If tat this point is concurrent death of conjoint successors as well as order is well-known, at that point this condition is so-called “Ma’nasikha.” “Inheritance” is distributed sum of times i.e., firstly among close relations and then their successors.

10. The Inheritance of Missing Persons

A “missing person” (Mafqood) is clear in “Islamic law” as a person whose situations is indefinite and nobody is certain as to whether such a person is still alive or not. Such a person is called Mafqood in Islam. Conversely, in Islamic Law, such “missing person” is presumed alive except his demise is definite.

According to the view of “Hanafi law”, a missing person was assumed to have been dead merely when ninety years from the date of his birth; till at that point the inheritance of his assets did not open. But now this rule has been out-dated by Sec. 108 of” the Evidence Act, 1872” which provides:

“When the question is whether a man is alive or dead, and it is proved that he has not been heard of for seven years by those who would naturally have heard of him if he had been alive, the burden of proving that he is alive is shifted to the person who affirms it”. (Sec.108, The Evidence Act, 1872)

Therefore, where a Muslim is absent for as a minimum seven years and if it might not be ascertained that he/she was alive at that time, that individual is legally presumed to be dead and the inheritance of his/her assets opens. Now question is that how long? Some say 90 years, others 70, while other says 60 years. So, there is a divergence of opinion of the Islamic jurist regarding the period of waiting.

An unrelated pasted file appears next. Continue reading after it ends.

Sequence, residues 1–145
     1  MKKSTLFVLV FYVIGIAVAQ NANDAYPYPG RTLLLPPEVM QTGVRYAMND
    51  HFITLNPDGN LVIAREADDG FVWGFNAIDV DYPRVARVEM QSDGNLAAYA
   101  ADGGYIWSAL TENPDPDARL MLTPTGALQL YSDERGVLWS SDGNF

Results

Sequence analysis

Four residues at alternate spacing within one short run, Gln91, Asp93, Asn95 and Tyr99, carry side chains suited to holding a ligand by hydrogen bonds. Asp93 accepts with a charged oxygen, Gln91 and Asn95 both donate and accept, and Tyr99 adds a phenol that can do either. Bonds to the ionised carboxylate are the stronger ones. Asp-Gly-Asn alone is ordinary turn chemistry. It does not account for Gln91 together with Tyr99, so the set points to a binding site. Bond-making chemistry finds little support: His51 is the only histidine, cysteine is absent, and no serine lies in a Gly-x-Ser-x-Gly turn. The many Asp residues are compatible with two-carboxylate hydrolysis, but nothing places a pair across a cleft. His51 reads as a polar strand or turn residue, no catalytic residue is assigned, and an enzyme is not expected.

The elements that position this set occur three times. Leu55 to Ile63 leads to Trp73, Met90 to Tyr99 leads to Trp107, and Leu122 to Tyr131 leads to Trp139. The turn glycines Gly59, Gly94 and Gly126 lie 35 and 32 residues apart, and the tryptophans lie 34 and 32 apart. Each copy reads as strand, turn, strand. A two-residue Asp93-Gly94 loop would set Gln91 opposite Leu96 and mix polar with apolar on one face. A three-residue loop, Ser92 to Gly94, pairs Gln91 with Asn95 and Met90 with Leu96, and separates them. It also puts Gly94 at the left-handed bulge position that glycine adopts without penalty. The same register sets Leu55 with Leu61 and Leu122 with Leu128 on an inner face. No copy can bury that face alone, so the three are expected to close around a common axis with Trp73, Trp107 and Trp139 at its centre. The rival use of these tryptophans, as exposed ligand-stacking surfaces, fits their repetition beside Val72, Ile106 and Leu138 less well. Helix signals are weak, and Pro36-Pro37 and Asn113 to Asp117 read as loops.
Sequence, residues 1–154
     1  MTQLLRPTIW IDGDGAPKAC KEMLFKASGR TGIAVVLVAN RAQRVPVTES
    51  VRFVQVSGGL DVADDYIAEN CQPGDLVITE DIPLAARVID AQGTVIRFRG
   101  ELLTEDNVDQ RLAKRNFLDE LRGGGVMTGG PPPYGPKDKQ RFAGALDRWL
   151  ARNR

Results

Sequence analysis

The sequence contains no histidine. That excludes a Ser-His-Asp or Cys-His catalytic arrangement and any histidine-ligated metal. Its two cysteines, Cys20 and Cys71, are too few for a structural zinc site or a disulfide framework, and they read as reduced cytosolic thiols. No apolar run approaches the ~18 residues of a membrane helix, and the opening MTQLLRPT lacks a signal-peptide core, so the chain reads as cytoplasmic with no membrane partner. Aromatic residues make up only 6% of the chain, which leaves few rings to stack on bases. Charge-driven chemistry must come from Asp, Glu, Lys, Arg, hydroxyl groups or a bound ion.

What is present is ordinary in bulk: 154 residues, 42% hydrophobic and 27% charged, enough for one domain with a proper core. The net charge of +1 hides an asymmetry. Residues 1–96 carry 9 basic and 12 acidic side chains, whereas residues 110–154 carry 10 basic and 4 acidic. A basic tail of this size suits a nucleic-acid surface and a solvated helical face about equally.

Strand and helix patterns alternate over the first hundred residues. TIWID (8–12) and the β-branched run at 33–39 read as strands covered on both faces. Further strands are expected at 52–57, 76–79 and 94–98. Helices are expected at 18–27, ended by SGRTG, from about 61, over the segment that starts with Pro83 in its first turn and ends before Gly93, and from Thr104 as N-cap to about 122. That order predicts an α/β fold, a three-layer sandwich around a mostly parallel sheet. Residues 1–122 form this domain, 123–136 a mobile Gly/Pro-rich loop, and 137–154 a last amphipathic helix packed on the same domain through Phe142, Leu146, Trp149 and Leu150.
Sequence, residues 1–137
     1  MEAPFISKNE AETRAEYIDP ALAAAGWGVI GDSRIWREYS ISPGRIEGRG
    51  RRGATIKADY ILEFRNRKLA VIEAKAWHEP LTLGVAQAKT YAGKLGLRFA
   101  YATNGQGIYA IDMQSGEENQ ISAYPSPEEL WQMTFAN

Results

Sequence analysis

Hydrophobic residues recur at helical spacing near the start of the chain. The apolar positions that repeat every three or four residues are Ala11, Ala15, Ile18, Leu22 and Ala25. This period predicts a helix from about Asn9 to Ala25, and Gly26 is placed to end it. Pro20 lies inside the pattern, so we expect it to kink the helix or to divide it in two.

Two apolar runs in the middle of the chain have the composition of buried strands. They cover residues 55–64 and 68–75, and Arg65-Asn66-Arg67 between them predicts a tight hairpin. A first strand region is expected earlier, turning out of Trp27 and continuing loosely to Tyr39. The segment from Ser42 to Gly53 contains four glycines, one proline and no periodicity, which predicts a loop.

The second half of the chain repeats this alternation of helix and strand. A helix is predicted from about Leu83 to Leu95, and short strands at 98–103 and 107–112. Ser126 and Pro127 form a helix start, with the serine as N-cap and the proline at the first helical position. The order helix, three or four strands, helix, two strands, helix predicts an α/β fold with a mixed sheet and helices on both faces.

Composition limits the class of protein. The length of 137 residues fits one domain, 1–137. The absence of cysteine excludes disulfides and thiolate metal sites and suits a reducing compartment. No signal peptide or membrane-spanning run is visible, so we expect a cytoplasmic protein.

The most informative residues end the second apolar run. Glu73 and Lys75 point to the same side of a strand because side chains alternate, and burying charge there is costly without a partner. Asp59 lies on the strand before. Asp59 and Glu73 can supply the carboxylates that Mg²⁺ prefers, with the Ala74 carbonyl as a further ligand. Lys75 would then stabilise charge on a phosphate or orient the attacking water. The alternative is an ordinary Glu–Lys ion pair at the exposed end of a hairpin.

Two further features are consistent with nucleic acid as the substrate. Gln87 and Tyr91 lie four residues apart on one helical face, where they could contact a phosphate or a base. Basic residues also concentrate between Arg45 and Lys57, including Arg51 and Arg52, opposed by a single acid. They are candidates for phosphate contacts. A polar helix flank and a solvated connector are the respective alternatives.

10.1. Opinion of the Jurists

In “Shariah” such missing individual remains viewed as alive except if his/her passing is affirmed. The portion of the missing individual is held until he returns. On the off chance that he doesn’t return and his passing is affirmed, at that point his offer is conveyed among his beneficiaries. His passing date is viewed as the date when he was disappeared. In view of that date, his legitimate beneficiaries are found out. There is a distinction of sentiment on the sit tight dated for reappearance of missing individual:

a) “Imam Abu Hanifa” thought about 120 years, “Hanafi” law specialist, by and large, lays it as 90 years (as ordinary life expectancy).